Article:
Australia's tourism and hospitality industry employs over a million people annually, according to a letter penned by National Tourism Alliance Chief Executive Officer Juliana Payne. It also sees $100 billion spend in Australia every year, according to Ms Payne, which makes it a significant player in the nation's economy overall. But what does it take to succeed in this sector?
Graduates of hospitality courses looking to make their mark in the booming local industry should take heed of the following tips on what employers are looking for in a worker.
Communication goes both ways – making yourself heard and listening. Two-way communication is essential in the hospitality industry, where a diverse workplace can present new challenges every day. Employees will need to be able to convey messages with skill to customers, clients and colleagues alike.
No two days are alike in the hospitality industry, and staff members are often required to perform new tasks on very short notice. Even managers have to roll up their sleeves and clean facilities from time to time, while chefs may have to respond to dissatisfied guests at the same time as whipping up their next meal. The hospitality landscape is one that is constantly changing, and valuable employees are the ones who can keep pace and respond to new challenges with a smile.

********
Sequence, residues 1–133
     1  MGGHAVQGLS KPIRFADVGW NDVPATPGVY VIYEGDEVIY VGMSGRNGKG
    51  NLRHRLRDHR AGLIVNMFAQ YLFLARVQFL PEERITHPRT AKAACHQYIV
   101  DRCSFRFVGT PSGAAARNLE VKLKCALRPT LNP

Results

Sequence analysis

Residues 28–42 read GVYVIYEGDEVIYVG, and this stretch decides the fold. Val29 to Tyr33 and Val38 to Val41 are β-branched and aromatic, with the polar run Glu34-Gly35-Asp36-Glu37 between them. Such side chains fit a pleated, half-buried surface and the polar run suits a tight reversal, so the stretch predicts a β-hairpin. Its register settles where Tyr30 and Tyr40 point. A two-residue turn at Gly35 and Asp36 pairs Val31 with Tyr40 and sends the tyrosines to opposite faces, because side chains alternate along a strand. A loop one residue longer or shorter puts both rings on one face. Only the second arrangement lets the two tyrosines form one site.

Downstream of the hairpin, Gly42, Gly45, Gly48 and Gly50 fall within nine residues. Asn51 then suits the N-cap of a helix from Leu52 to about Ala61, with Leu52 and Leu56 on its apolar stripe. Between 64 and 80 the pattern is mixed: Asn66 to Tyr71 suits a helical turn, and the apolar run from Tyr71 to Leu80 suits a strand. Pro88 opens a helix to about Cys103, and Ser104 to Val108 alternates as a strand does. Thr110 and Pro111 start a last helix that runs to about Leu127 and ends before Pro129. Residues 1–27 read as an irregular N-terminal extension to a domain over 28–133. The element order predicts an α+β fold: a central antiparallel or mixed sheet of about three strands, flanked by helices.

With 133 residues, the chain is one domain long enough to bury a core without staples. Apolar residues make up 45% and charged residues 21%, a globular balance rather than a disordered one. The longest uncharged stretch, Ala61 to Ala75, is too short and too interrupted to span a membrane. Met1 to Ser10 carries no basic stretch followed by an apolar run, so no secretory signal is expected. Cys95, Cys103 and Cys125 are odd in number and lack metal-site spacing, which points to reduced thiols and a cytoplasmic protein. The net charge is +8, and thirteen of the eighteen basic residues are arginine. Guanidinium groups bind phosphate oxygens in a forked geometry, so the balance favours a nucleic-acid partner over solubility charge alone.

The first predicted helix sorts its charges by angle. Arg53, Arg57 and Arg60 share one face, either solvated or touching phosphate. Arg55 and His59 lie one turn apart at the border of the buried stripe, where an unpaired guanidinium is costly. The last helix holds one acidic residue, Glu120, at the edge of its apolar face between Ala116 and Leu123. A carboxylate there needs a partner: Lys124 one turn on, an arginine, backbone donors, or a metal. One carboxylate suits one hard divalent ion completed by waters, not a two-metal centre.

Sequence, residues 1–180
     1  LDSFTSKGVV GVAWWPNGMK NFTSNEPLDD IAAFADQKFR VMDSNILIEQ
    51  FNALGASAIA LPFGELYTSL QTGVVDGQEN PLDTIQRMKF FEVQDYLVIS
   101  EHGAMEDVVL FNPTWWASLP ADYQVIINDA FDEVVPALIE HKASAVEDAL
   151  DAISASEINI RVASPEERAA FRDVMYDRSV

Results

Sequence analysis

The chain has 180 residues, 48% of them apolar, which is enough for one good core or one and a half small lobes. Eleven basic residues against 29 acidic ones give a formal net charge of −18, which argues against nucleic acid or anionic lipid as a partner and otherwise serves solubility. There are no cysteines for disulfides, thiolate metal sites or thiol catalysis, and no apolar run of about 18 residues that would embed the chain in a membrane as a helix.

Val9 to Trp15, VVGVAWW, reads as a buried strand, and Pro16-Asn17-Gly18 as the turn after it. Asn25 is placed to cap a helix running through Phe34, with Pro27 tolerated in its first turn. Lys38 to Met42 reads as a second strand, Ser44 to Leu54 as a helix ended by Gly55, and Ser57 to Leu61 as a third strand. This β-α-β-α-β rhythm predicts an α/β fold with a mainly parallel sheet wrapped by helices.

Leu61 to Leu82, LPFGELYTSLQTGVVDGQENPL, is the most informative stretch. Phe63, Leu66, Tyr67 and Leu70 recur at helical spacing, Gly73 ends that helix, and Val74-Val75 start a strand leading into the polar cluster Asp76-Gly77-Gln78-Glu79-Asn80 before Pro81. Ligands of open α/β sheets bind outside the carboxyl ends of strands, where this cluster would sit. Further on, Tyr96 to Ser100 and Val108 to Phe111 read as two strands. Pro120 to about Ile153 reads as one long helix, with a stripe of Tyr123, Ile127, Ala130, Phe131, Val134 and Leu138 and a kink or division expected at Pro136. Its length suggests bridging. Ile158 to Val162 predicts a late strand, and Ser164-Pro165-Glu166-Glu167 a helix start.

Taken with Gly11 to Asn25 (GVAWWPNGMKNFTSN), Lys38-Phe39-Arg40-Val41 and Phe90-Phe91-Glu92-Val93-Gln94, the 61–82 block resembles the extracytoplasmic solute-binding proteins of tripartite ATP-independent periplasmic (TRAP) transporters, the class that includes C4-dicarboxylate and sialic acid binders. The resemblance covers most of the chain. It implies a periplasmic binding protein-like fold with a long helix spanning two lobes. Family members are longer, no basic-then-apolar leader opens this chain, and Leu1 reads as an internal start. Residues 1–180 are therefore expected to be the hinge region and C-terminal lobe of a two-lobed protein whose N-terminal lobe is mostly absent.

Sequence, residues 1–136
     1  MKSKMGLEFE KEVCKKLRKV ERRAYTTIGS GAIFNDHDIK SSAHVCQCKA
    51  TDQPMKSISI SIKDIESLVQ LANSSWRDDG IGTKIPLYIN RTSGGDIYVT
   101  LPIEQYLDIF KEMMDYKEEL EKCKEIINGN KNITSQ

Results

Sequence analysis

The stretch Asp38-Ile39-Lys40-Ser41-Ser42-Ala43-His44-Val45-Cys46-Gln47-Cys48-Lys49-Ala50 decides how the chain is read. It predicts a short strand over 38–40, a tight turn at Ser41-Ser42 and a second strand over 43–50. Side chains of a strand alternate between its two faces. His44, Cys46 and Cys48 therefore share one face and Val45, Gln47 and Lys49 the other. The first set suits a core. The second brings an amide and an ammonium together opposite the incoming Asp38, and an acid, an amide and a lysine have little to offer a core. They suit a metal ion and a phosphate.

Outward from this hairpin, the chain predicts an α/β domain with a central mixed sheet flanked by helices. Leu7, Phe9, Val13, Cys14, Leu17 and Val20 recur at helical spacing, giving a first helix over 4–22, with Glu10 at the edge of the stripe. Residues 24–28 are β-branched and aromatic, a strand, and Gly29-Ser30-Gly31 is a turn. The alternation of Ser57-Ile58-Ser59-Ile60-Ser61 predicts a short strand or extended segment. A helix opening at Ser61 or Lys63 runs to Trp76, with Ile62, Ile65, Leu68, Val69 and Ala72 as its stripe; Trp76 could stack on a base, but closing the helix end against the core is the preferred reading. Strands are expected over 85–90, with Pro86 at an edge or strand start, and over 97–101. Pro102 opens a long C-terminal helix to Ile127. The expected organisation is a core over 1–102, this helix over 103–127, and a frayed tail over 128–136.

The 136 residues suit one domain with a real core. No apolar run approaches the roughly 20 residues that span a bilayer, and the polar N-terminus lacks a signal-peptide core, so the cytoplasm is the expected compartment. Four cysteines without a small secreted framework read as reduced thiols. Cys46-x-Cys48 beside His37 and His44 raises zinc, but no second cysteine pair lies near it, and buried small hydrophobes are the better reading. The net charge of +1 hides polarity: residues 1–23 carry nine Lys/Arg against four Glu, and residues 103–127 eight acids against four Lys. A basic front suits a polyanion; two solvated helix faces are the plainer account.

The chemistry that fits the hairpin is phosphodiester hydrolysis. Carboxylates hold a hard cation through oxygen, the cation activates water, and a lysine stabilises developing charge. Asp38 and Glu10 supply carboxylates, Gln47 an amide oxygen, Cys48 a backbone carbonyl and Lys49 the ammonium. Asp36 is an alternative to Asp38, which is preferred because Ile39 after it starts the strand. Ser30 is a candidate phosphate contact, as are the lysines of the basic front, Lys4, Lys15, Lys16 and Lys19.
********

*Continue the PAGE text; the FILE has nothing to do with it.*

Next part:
It goes without saying that the hospitality industry can be a demanding one. Time pressures, particularly when producing and serving food and drink, can test the nerves of even the most skilled and experienced employee, but the best workers are the ones that handle stress with grace.
The best staff members are those who know how to prioritise the most important tasks, when to delegate jobs on to others to ensure the work is completed on time and when to take a break to avoid becoming over-worked. Not only that, but they will be at work and ready to start their shift on time.
There is no I in team, and you will be hard pressed to find any hospitality organisation that involves just one person. Typically, employees work together in close quarters toward a common goal, such as serving up all meals to a high standard and on time. There is simply no room for people who cannot interact well with others, and employers will be quick to notice if you're not a team player.